'Valmikies' continue to scavenge for existence

Updated on Apr 29, 2004 02:10 PM IST

Although legally banned in 1993, 150 million untouchables are still employed in cleaning and carrying human waste.

HT Image
HT Image
PTI | BySachin Kumar Jain

When Sumitra Bai left her parents home in Barotha village and came to her husband's house in a small village in central Indian state of Madhya Pradesh her eyes were brimming with dreams. But her reverie was rudely cut-short when as a bride's homecoming gift she was given the job of manually removing night soil from 25 affluent houses everyday.
Overnight, Sumitra became a part of the most exploited, oppressed and stigmatised occupation among the so-called untouchables or dalit community that continues to face discrimination on account of the 3,500-year-old caste system in India. Manually cleaning human excreta is the most demeaning among "unclean occupations" that most of the roughly 150-million dalits in the country are forced into due to a rigid caste system that makes occupation hereditary and nearly impossible for anyone to break from.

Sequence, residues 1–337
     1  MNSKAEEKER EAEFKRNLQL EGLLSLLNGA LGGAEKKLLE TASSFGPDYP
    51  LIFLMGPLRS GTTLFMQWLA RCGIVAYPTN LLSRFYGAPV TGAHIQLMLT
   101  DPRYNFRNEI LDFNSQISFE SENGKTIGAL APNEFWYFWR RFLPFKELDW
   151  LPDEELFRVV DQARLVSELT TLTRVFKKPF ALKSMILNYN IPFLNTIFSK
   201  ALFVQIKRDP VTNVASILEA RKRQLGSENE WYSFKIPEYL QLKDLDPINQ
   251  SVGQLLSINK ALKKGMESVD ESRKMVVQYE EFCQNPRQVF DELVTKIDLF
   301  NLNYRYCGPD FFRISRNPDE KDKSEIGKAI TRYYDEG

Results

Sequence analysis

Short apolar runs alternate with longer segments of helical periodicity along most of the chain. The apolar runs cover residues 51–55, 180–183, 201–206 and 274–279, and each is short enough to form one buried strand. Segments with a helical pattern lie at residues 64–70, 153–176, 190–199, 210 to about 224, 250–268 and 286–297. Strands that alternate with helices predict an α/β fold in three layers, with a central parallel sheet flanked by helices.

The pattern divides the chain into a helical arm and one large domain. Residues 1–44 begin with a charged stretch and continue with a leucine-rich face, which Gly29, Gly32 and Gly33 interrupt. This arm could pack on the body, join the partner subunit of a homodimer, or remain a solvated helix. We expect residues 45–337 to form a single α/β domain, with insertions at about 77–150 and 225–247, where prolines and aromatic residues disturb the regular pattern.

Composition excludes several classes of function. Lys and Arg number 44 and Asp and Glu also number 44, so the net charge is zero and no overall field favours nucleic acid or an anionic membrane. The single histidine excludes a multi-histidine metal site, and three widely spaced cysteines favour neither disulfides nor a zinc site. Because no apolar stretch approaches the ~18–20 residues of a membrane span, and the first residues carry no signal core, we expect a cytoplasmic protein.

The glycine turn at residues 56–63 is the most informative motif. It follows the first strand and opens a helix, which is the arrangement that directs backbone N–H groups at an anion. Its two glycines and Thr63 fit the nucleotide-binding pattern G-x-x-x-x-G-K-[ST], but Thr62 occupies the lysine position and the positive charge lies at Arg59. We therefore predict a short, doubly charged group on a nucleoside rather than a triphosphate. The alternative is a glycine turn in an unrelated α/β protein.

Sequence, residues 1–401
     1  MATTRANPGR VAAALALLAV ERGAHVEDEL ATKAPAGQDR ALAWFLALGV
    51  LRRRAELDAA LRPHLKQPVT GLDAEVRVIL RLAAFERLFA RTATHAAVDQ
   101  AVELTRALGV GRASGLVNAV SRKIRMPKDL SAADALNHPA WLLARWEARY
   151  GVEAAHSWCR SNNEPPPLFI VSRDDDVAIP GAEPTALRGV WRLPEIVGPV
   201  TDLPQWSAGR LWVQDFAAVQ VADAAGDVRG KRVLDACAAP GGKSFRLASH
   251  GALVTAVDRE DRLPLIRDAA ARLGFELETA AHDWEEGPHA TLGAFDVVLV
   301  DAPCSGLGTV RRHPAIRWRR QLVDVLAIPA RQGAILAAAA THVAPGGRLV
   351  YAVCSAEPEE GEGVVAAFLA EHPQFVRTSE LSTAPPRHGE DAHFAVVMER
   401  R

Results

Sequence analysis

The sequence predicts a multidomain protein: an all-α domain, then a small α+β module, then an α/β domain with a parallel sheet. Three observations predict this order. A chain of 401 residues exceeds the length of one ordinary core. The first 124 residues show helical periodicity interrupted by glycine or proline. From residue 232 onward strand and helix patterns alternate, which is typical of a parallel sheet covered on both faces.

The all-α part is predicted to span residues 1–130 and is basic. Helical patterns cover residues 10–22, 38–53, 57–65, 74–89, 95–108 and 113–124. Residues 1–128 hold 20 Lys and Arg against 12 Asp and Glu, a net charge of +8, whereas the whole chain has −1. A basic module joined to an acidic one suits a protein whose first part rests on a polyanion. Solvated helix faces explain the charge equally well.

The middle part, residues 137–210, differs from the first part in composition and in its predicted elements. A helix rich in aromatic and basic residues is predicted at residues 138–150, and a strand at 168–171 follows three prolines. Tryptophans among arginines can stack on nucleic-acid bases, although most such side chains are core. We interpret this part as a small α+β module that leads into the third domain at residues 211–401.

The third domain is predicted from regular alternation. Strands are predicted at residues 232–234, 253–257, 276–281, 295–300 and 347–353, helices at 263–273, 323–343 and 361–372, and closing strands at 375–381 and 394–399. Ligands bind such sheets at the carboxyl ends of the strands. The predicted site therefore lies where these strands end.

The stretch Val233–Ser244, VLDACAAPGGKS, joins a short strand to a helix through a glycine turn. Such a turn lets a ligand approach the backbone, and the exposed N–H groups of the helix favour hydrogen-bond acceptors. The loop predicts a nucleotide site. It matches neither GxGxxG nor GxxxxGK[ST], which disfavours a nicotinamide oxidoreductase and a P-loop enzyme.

Sumitra refused to lift night soil on her head and tried hard to come out of the vicious circle. She took a loan of Rs 20,000 with the help of social workers and started a cloth shop in the village. But her village community could not bear this defiance and a rumour was spread that she stocked cloth taken from burial grounds. She sold nothing for three months and was forced to shut shop. After one-and-a-half-year of struggle, she admitted defeat and returned to manual scavenging occupation.

Get Latest India Newsalong with Latest Newsand Top Headlinesfrom India and around the world.
Story Saved
Saved Articles
My Reads
My Offers
Sign out
New Delhi 0C
Tuesday, September 27, 2022
Start 15 Days Free Trial Subscribe Now
Register Free and get Exciting Deals